SAFF Under-20 Women’s Championship was a picture perfect tournament for Shamsunnahar. She led Bangladesh to the trophy, bagged the player of the tournament award and emerged as the highest scorer of the tournament.Bangladesh U-20 team captain Shamsunnahar spoke with Prothom Alo at the BFF Bhaban on Friday noon about her success and the success of and the team
After becoming champions, you were thinking of your late mother. What was going through your mind…
Whenever I achieve something big, I think of my mother. Whenever something bad happens, I’m also reminded of my mother. My mother’s support is the only reason why could get into football. I lost my mother when I was young. On Thursday, after I won my first title as captain, I was missing my mother a lot. However, there is someone else now who I address as ‘mom’.
Who is she?
My coach Jewel bhai (local coach at Kalsindur villahe Jewel Ahmed) addresses me as sister. So, I call his mother ‘mom’. I used to stay at Jewel bhai’s home when I started playing football. His mother adores me. I like to eat duck and so before the final, ‘mom’ cooked duck and sent it to me. At the camp, all of us ate it together at night.
Your family members must have watched you in the final…
Everyone watched me play. My three-year old nephew teased me saying, aunt, you keep falling to the ground again and again. He also said, I will hit everyone who makes you fall (smiles).
How did you celebrate in the night after becoming champions?
There was a lot of cheering in my room. My roommates Marzia apu, Anika Tanjum and the juniors were there. Usually I don’t get to spend time with them separately. On the night we became champions, I had a long chat with them all.
Earlier, you have played in the championship winning U-15, U-18, U-19 and SAFF teams. This time you played a crucial role in the team’s victory at the U-20 SAFF Championship. You are the only Bangladeshi footballer to take part in all SAFF champion teams. How does it feel after achieving a feat like this?
I was eligible to play in all of those age-level tournaments and I performed well enough to get called up to those teams. As I am still a junior, I try to make use of whatever opportunity I get of playing in the senior team. I was the captain in the last two age-level tournaments but couldn’t lead the team to the trophy. This time, I’m really happy after winning the championship as captain.
Out of the tournaments you have won, which one is your favourite?
When I took part in my first international competition for the U-15 team in the U-15 SAFF Championship in Dhaka back in 2017, I didn’t realise what an honour it was to represent the country. Sir (head coach Golam Rabbani) gave me a chance to play in the added minutes of the match against India. I still remember, I made two runs in that game. Those runs impressed sir. From then on, he would give me 5-10 minutes in every game. The coaches would say, if you get on the field in the last part of the game, the opposition players would run out of breath trying to catch up with your runs. I have gained experience through playing more. Now, I have the confidence to play full time.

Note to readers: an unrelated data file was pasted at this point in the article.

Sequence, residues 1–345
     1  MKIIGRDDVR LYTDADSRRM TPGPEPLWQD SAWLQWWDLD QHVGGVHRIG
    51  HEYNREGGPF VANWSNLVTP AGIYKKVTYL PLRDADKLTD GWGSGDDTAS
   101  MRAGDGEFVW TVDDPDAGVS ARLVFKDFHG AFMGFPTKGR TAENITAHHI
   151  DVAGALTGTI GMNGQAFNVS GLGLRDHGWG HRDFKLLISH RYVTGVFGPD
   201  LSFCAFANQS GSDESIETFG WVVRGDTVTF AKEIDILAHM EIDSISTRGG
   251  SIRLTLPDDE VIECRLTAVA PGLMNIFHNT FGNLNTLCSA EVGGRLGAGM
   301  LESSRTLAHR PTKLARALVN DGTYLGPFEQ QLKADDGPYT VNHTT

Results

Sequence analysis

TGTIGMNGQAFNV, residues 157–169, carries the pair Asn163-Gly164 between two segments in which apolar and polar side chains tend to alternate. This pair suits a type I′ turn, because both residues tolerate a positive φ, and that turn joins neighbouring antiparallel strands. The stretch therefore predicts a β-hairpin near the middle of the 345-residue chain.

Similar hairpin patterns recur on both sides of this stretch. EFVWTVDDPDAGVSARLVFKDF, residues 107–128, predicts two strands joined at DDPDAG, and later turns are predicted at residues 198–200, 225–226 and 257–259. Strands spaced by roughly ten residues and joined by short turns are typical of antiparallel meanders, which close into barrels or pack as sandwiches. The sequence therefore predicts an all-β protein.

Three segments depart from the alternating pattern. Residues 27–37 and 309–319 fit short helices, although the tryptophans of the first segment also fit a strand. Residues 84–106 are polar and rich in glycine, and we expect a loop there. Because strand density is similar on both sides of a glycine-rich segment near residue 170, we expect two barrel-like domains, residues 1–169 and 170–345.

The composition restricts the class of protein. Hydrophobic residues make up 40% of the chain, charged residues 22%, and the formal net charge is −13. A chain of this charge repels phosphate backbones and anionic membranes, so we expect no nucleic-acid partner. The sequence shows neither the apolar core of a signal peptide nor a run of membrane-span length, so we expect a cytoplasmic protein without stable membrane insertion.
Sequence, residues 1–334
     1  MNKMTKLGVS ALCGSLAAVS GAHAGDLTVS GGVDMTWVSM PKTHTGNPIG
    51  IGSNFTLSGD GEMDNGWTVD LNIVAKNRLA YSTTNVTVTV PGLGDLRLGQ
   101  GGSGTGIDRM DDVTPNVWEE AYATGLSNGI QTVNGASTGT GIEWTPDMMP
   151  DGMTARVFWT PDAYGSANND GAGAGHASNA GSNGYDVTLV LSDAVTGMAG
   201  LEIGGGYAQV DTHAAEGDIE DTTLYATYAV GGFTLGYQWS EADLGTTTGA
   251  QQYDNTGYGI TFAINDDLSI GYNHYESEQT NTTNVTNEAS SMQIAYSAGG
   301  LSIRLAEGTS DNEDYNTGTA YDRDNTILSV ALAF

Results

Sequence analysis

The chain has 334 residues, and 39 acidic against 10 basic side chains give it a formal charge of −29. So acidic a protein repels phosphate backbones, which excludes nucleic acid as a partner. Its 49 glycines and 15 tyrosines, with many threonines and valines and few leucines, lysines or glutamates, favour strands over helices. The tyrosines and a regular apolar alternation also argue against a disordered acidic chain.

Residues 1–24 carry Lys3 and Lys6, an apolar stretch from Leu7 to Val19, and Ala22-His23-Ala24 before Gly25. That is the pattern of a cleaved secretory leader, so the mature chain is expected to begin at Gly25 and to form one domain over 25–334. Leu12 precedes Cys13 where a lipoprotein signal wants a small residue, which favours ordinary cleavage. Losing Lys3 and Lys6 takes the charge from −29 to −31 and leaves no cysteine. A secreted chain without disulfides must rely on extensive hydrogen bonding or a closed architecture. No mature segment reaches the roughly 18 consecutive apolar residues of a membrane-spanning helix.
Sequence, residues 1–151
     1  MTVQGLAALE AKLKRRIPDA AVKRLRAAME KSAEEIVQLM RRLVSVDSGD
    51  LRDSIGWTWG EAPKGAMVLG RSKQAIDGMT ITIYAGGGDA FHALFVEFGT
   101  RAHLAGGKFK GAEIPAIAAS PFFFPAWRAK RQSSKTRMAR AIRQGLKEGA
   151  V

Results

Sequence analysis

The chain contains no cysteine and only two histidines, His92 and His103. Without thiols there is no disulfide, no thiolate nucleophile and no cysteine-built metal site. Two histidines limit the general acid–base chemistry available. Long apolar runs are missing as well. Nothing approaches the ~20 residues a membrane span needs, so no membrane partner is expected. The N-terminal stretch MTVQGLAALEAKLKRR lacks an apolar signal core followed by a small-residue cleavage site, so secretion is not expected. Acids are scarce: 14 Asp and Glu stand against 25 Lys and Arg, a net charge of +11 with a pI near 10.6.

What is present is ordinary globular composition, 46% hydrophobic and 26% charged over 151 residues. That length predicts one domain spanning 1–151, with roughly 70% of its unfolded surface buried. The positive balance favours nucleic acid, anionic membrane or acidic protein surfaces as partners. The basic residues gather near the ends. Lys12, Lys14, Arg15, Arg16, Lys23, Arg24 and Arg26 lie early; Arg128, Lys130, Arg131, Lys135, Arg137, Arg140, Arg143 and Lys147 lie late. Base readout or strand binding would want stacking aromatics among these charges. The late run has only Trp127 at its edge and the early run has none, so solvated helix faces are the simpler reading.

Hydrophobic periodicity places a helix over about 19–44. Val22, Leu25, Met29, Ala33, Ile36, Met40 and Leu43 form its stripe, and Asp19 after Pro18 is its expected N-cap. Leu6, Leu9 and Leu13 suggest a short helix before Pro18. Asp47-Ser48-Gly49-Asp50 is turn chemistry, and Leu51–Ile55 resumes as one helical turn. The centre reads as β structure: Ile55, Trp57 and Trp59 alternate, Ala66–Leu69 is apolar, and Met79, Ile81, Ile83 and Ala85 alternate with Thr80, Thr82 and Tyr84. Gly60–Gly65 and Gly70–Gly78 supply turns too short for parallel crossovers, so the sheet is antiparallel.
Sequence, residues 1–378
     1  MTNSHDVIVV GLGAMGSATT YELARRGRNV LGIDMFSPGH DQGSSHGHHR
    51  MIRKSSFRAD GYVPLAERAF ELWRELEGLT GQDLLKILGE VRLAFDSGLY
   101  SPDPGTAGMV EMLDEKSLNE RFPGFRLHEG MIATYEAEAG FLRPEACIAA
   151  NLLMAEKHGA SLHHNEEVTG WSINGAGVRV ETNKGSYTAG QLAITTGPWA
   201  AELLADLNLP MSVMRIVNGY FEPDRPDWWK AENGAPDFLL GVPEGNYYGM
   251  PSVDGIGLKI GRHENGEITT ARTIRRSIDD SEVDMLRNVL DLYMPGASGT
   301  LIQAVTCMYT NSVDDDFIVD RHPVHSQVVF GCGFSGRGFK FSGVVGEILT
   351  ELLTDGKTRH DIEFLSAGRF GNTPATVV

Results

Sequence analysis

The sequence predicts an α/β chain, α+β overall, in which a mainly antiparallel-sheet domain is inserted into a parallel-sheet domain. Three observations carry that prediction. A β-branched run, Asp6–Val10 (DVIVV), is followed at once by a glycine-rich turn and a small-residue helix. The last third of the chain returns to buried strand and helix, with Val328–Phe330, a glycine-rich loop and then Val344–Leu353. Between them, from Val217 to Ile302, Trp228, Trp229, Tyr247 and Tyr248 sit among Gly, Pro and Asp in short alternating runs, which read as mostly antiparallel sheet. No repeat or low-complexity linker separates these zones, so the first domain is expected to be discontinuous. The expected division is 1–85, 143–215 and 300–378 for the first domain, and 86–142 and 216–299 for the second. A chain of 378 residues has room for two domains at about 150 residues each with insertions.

You are saying that earlier you didn’t quite realise the prestige in representing one’s country. After a six-year-long international career, what’s your thinking?
At first I didn’t really realise what football was, I didn’t know there was so much to football. I started playing football because I liked the game. From there, I’ve reached this far. Now, I feel the urge to do something for the country.
How promising are the players in the current U-20 team?
Everyone in the team is hungry for success. In defence, there is Surma, Pranti, Nasrin, in midfield, there is Unnoti, Mahfuza, Sohagi, Shopna. All of them are playing really well. Whoever is getting called up is doing well. Unnoti came in as substitute for Mahfuza in the final and scored.
You scored a hattrick against Bhutan and after the match the Bhutanese players clicked pictures with you. Has something like that ever happened before with you?
No, never. When they approached me to take pictures after the match, they asked if I was on Facebook and Instagram. In the final, they were cheering ‘Bangladesh, Bangladesh’. Whenever we started an attack, they cheered for us. They were happy that I was the highest scorer and won the player of the tournament award. They liked my playing style. They also liked the way I tied my hair. It feels great to be treated this way. I felt like a star player who has a lot of fans. Just like I’m a fan of other players!
Who are you a fan of?
I’m a fan of Lionel Messi. If I ever see Messi up close, I don’t know how excited I will get. I’ve heard rumours that Messi and the Argentina team will come to Bangladesh. If he really does come, then I will go up to Messi and ask him, ‘How do you play so brilliantly?’
Now people are starting to recognise you… how much are you enjoying this?
Many recognise me, call me by my name, I really enjoy it. I’m really fortunate that people know me by name.
How do you view the future of women’s football in Bangladesh?
The (women’s) league has happened only two-three times. The league is a one-sided one. All good footballers play in the same team. If the bigger clubs come forward, the footballers will gain from it.
*This interview appeared in the print and online edition of Prothom Alo and has been rewritten for the English edition by Ashfaq-Ul-Alam Niloy